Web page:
Pollsters said the low voter turnout, estimated at 47 per cent, was likely to penalise Sarkozy’s allies in particular, with his supporters lacking the motivation to cast a ballot.
Sarkozy is struggling with the lowest approval ratings since he was elected in 2007.
Sunday’s polls are the first held in France since a year-long recession sent unemployment soaring to its highest level in a decade, with nearly three million people now out of a job.
Sarkozy was elected on a mandate to boost France’s economy and bring unemployment down to five per cent, but the worst recession since World War II has driven it up to double figures.
Social tensions are also being felt. The government’s public debate on “national identity” has raised racial sensitivities and been widely criticised as a divisive project that stigmatises immigrants.
“Turnout was quite low … which means their is a kind of delusion of the French people with politics”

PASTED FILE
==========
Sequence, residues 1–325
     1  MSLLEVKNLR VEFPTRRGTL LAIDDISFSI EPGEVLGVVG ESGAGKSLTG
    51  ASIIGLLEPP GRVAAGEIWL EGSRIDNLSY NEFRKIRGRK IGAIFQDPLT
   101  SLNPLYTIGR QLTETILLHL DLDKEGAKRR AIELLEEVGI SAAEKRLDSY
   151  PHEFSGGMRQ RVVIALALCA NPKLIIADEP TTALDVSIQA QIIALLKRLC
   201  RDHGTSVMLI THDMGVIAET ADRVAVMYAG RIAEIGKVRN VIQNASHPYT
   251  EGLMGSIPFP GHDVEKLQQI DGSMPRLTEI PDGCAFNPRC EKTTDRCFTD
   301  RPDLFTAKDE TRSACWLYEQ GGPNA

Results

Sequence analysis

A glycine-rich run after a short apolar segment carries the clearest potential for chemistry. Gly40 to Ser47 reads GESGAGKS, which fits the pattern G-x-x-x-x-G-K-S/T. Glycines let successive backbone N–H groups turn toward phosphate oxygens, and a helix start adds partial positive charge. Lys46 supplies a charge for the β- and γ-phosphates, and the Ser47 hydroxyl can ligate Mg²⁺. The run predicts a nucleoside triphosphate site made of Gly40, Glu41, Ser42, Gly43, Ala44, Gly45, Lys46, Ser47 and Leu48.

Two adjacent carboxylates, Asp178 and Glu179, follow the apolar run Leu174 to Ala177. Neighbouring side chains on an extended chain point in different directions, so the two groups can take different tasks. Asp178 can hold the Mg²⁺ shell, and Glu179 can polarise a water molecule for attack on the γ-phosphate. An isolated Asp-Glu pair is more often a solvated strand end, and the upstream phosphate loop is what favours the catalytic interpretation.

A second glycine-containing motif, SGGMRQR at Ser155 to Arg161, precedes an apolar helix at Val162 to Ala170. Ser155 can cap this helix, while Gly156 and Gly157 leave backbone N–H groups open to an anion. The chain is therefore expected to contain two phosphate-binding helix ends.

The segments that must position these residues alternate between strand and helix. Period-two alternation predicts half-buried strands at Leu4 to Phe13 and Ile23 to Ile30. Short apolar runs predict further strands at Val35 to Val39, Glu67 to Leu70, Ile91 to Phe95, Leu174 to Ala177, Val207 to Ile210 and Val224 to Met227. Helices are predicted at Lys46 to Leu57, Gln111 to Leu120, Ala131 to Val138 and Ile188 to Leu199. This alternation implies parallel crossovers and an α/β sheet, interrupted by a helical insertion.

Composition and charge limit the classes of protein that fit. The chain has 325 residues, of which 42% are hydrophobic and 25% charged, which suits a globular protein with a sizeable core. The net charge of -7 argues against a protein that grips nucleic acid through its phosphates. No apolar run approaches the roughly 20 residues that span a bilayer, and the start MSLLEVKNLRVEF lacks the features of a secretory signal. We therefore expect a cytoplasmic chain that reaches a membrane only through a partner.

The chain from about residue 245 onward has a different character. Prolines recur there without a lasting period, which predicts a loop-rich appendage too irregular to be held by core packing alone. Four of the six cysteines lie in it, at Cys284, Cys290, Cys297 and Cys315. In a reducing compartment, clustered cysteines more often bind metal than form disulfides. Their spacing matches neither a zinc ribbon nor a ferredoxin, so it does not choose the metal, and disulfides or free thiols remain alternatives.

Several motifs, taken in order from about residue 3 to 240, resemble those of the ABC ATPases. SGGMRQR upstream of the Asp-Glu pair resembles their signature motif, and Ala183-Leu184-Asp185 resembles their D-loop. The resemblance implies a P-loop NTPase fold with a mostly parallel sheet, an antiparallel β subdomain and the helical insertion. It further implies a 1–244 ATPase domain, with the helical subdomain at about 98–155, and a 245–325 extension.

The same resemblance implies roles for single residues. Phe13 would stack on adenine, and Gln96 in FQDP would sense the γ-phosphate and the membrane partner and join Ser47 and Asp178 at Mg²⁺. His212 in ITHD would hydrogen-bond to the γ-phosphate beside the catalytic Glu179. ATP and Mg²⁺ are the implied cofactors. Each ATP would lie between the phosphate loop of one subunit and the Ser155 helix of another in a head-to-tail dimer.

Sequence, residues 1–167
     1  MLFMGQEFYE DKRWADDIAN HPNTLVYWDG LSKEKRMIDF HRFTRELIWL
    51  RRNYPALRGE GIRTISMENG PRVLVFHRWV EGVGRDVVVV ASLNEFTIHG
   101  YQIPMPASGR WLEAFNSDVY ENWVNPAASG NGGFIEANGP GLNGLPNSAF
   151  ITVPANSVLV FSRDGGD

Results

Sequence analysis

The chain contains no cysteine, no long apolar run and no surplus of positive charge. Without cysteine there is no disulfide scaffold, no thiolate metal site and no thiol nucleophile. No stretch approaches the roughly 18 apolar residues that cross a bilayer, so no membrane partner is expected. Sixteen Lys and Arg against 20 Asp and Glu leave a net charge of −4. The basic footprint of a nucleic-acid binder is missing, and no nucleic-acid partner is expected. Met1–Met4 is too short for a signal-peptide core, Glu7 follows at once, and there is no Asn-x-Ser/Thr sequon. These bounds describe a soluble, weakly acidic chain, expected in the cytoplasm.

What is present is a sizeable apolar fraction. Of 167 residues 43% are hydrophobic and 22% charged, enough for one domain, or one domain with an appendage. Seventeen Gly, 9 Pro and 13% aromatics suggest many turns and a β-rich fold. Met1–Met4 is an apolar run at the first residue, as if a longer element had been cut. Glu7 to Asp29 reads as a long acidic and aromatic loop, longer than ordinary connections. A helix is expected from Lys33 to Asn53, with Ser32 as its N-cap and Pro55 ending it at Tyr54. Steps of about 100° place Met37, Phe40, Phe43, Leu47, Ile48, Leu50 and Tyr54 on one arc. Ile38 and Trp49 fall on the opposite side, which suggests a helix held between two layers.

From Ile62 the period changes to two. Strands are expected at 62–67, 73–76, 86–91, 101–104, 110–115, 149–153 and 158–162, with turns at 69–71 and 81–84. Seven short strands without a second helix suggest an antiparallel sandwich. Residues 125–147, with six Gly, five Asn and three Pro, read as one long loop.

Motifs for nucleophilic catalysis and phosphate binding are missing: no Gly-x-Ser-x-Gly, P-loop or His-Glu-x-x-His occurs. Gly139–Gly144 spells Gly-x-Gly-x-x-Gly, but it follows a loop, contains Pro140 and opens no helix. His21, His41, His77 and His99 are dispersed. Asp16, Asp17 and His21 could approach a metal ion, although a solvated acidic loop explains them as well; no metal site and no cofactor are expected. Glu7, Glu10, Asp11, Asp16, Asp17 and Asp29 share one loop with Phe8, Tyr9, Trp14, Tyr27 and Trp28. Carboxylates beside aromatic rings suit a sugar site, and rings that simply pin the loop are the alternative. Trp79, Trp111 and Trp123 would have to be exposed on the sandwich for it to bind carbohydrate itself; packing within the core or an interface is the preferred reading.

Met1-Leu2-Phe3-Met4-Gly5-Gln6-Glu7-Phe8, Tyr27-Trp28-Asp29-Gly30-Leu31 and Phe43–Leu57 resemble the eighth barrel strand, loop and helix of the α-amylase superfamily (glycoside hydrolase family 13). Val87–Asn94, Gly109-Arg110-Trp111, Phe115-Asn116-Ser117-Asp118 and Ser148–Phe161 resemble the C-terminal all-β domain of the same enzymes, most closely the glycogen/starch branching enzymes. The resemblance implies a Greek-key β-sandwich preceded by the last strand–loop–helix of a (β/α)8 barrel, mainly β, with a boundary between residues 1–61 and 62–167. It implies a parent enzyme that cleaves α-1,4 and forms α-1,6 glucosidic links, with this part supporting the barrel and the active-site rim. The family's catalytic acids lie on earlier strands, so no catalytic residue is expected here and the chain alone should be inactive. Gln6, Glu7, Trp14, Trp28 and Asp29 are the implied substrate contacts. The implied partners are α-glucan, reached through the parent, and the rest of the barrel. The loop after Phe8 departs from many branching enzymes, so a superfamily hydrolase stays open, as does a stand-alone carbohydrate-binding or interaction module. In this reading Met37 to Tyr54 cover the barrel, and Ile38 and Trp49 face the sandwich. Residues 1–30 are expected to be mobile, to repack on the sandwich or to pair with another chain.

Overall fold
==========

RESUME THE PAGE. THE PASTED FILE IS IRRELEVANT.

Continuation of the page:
Renaud Girard, chief correspondent for the French newspaper Le Figaro, said the UMP was doing “quite badly” in the polls for two reasons.
“Turnout was quite low, below 50 per cent, which means their is a kind of disillusion of the French people with politics,” he told Al Jazeera on Sunday.
“People feel that there is no real debate on the political scene in France, that everything is within an elite and that real matters like unemployment, immigration, and insecurity are not there to be debated.
“The second [reason] is that the Socialist party is much ahead of UMP, which is contrary to the presidential election where Sarkozy was leading quite far away from the Socialist candidate.”
The Socialists already control 20 of the 22 French regions spread across the mainland and Corsica, along with the four councils in overseas territories.
Frederic Dabi, a director at the IFOP polling agency, predicted a heavy defeat for the UMP.
“The balance of power is extremely favourable for the left,” he said.
“It’s a regional election, but on March 21 [the second round of the regional votes], we will already be taking that turn towards the  presidential campaign.”
Sunday night’s projections suggested the far-right National Front of Jean-Marie Le Pen, now running in what may be his last election, had performed better than expected, getting 11 or 12 per cent of the votes.
The National Front played that kingmaker role in past elections, but has lost steam in recent years.